Thankfully, the proposal to hike stamp duty by 160 times on leave and license agreements has been kept on hold, giving some relief to the sector as well as the home seeker. Owing to the strong objection, the proposal is now under revision and government study. Currently, the stamp duty for residential and commercial leave and license agreements is capped at maximum Rs 25,000 and Rs 50,000 respectively. The cash-strapped Maharashtra government had proposed to hike stamp duty on leave-license to 0.1% on market value or 1% of the average annual rent or deposit paid, whichever is higher, for residential properties. For commercial properties, the duty proposed is 0.4% for lease agreements over 60 months.
Sampat says, “That would have been a political suicide. One can understand a marginal increase in rates but a hike by 160 times in stamp duty is far too phenomenal and will have a strong impact. The operations will suffer and will have to be severely consolidated. On the residential front, people will be further pushed into interior areas. Someone who was looking at taking up a property in Vashi will have to move to Kharghar or Kamothe. On the investment side, people will think twice before investing in property. And because it is a big change, it would also lead to a row of fights and litigations.”
Such hikes will put a serious question on the affordability of the sector, believes Gundecha. “The commercial business is already down and with announcements like these, there is a high possibility that offices will shift to other states. A marginal increase can be expected but government cannot increase the rates so much. All the possible charges associated with the building industry have been increased but the question is how much is how much? And if everyone wants to collect money from this sector, how does it remain affordable? Why does the government not look at other industries instead?”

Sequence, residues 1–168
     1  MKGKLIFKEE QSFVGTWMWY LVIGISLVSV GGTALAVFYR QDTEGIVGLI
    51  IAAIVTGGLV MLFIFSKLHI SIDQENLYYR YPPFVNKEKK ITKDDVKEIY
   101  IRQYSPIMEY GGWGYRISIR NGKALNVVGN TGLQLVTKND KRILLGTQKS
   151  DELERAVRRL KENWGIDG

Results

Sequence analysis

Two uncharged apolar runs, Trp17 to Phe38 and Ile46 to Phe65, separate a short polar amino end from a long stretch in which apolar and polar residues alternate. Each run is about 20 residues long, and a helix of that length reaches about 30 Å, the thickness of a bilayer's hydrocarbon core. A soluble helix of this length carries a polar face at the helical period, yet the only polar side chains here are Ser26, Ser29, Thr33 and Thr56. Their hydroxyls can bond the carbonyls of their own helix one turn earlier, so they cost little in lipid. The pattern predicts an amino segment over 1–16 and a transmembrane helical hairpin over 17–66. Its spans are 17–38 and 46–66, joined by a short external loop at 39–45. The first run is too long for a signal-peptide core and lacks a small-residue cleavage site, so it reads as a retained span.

Sunil Datwani, President, Lok Housing says, “The builder community was lobbying for a flat stamp duty rate of 3% but unfortunately that did not happen. Leave and license agreements had picked up very well in the market. The hike would have acted as a stumbling block.”
It has become imperative for the government to provide a competitive environment for the industry as well as the common man who is running the show. Chintan Vora, Director, Vijay Group says, “The EMIs for buying a flat in a city like Mumbai are already very high. For those newly moving into the city, in the initial phases they all prefer taking a rental accommodation because that is considered an affordable option. How do you justify an overnight hike of 160 times in the leave and license agreements? The commercial sector will find it reasonable to relocate to other states who offer a competitive environment.”
Vora says that Mumbai being the financial hub, government officials must provide incentives to the industry here. “The government should focus on reducing their expenditure. You can’t just go on taxing people on everything. There is no problem with the increase which is bound to happen in a growing economy but it has to be gradual and well thought out,” he concludes.